Document Type



Virginia Institute of Marine Science

Publication Date



Marine Ecology Progress Series



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Measures of condition in fishes are often used to assess the general well-being of fish populations since condition reflects the biotic and abiotic factors experienced by individuals over moderate time scales. Fish condition can also be used as an indicator of ecosystem suitability in the context of ecosystem-based management. From an ecosystem perspective, evaluation of fish condition is best described over multiple spatiotemporal scales and in a multi-species context. This study analyzed 14 yr (2002-2015) of fisheries-independent trawl survey data to evaluate trends in condition for 16 demersal fishes inhabiting Chesapeake Bay, the largest estuary in the USA. Seasonal and spatial variability in condition were inferred from linear mixed-effects models, while dynamic factor analysis (DFA) was used to reveal coherence among and drivers of annual trends in condition across all species and for 3 subgroups representing trophic guilds. Patterns of intra-annual condition varied among species, likely reflecting life history strategies and physiological responses to seasonal environmental conditions, while spatial patterns showed improved condition for both coastal and oligohaline species with increasing distance from their source. Annual trends in condition showed remarkable coherence for all fishes and for species within each trophic guild, suggesting that factors influencing condition-based indicators of ecosystem suitability operate at the community level. Spring mean surface chl a concentration was included in the selected DFA model for nearly all groups (exception: benthivores) and was statistically significant for several species, indicating the importance of bottom-up processes on bay-wide annual fish condition.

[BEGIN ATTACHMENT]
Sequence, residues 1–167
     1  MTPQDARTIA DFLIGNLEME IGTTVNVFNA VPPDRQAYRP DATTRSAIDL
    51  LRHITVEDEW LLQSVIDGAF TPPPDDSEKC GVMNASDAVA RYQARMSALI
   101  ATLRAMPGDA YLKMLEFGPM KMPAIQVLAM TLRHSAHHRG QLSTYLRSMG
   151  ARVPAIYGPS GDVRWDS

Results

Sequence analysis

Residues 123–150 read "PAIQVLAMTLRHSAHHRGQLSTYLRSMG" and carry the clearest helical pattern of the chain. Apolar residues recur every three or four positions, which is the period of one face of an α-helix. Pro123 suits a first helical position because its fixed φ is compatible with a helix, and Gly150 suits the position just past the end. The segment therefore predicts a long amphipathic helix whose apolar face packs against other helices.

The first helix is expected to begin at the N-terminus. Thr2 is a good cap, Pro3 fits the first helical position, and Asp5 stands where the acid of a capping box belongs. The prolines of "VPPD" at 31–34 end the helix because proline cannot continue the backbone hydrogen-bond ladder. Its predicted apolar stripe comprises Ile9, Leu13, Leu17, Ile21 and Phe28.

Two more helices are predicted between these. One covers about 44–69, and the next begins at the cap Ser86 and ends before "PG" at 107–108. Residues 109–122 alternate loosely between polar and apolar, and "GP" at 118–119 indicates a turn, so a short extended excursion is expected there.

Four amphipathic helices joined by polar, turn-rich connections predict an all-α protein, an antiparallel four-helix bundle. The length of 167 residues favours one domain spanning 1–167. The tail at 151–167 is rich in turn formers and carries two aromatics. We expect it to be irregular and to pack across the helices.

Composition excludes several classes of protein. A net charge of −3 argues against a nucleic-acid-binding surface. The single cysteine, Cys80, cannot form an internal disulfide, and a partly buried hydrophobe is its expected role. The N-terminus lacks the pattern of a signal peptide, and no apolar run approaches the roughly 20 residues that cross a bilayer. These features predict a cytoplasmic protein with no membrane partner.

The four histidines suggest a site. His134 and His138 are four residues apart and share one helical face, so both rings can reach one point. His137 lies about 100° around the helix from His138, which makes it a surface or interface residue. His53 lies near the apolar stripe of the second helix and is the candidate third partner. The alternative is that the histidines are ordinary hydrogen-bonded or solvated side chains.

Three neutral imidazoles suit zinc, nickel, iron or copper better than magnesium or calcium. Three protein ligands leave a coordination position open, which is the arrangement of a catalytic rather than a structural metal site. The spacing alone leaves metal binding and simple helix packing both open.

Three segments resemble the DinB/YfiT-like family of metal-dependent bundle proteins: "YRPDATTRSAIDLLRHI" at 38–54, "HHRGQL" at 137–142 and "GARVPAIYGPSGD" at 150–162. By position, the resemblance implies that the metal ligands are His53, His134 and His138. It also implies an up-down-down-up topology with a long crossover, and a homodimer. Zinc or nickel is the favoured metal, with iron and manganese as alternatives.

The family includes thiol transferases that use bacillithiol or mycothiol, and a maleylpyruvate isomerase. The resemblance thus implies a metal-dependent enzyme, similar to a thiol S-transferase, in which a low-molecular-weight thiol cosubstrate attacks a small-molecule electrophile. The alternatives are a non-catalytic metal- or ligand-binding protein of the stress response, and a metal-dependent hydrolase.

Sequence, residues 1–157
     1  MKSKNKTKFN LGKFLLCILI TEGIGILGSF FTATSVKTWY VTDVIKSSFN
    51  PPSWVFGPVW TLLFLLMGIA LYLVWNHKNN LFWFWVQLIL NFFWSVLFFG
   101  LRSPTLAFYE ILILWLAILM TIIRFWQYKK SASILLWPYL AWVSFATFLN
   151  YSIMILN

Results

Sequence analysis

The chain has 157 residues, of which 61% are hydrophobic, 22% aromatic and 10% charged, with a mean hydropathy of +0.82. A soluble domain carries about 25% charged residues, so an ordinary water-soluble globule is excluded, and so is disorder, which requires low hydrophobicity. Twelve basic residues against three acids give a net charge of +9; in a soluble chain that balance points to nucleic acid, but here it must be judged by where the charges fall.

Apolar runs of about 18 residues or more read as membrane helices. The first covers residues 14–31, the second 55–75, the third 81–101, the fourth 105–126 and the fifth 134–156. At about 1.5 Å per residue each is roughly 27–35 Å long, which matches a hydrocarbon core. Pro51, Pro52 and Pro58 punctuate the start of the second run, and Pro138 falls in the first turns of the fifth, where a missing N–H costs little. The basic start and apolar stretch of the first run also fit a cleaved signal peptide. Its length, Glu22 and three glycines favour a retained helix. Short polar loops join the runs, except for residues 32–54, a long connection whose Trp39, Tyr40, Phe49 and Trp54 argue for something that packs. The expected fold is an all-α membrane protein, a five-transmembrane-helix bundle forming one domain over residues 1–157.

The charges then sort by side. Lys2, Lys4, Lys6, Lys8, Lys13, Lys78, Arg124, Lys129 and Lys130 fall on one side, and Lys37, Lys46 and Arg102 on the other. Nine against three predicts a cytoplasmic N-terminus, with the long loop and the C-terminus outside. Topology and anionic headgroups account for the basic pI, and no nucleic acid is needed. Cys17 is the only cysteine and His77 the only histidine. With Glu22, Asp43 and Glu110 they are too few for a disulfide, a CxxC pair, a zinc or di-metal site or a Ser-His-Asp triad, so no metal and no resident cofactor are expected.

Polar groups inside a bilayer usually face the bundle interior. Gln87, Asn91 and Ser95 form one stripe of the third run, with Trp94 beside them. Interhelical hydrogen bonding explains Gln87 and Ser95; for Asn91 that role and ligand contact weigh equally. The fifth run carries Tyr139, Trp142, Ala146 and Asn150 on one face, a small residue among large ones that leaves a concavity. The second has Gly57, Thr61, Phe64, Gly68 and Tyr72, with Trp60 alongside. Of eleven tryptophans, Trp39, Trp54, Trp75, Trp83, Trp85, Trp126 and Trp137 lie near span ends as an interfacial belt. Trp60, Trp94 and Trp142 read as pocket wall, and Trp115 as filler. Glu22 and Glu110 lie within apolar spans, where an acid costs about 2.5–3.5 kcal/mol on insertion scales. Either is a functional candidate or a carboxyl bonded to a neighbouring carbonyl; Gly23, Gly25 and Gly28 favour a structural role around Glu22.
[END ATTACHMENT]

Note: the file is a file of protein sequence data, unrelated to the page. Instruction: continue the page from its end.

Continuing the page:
Fish condition · Bottom-up controls · Chesapeake Bay · Ecosystem-based management · Linear mixed effects models · LME · Dynamic factor analysis · DFA

Creative Commons License

Creative Commons Attribution 4.0 License
This work is licensed under a Creative Commons Attribution 4.0 License.